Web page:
FAST SUMMARY - Mixed Signals - Uri Gneezy

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The story you shared illustrates how regret can function as an incentive in making decisions. By buying lottery tickets every week, your grandfather was able to avoid the painful regret of possibly missing out on a win if he didn't purchase a ticket. The Postcode Lottery builds on this same psychology - making the prospect of regret very salient by publicizing who wins at a certain postcode. This intensifies the desire to participate in order to avoid potentially painful feelings of regret in the future if your neighbors were to win the big prizes. Regret acts as a powerful motivator in guiding both individual and market decisions. Understanding how to effectively leverage regret aversion can therefore be useful when designing incentive systems. The takeaway is that properly utilizing emotions like regret when structuring incentives can shape behavior to align with a preferred outcome.

The Simba Project offered financial incentives to Maasai elders to stop the tradition of warriors killing lions that attacked livestock. By compensating elders for lost livestock if no lions were killed, the incentives changed the payoffs and made not killing lions more attractive. This helped increase the local lion population from 10 to 65.

The project also had to deal with issues like insurance fraud and moral hazard that come with compensation programs. It employed verification officers and inspection requirements to address these.

To get the Maasai warriors on board, the project created an alternative "Simba Scouts" program that gave warriors a new role of protecting rather than killing lions. This reinvented their rite of passage while retaining cultural pride.

The practices around female genital mutilation (FGM) were also targeted for change. FGM leads to severe health consequences for Maasai girls and women. Prior efforts to end FGM through education and legal bans were unsuccessful. New financial incentives were designed to change the social norm by compensating families for not cutting their daughters.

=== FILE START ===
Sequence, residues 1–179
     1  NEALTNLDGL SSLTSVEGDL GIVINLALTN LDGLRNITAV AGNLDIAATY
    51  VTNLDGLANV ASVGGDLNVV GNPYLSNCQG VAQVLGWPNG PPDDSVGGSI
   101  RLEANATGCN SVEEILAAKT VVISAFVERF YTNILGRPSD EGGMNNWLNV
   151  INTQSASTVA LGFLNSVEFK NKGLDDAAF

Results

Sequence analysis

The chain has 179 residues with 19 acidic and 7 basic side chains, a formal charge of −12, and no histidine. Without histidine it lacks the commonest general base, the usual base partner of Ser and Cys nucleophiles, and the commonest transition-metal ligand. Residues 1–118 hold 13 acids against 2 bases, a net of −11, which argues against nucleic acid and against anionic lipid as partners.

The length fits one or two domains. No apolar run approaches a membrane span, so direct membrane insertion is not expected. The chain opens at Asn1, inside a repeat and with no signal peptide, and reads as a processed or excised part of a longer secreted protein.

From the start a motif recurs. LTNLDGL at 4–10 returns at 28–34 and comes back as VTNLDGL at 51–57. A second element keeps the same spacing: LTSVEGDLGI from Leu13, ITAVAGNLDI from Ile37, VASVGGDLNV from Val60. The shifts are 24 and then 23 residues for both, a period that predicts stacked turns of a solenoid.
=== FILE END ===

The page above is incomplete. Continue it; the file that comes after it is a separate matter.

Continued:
Overall, carefully designed financial incentives succeeded in transforming some deep-rooted cultural practices that were harmful. By changing economic payoffs and incentives, new traditions replaced old ones. Both individuals and communities changed their behaviors.

The author and his team were in Kenya proposing an approach to stop female genital mutilation (FGM) among the Maasai people. FGM is an economic and social tradition, leading to higher dowries and status. Despite health risks, social pressure leads most parents to follow the tradition.

The team aims to change the incentives families face to give them an economic reason not to cut girls. The proposal is to pay for girls' high school tuition for 4 years if they remain uncut, checked annually. Educated girls have better job prospects and marriageability regardless of FGM status. This would give families an incentive to forego FGM to get their daughters an education.

The intervention targets a large fraction of girls to reduce peer pressure. It aims to change the social norm over time as educated girls refuse FGM and no longer see it as required for status. It resolves men's conflict between wanting wives who are healthy and socially accepted. Overall it uses education access as an alternate rite of passage.

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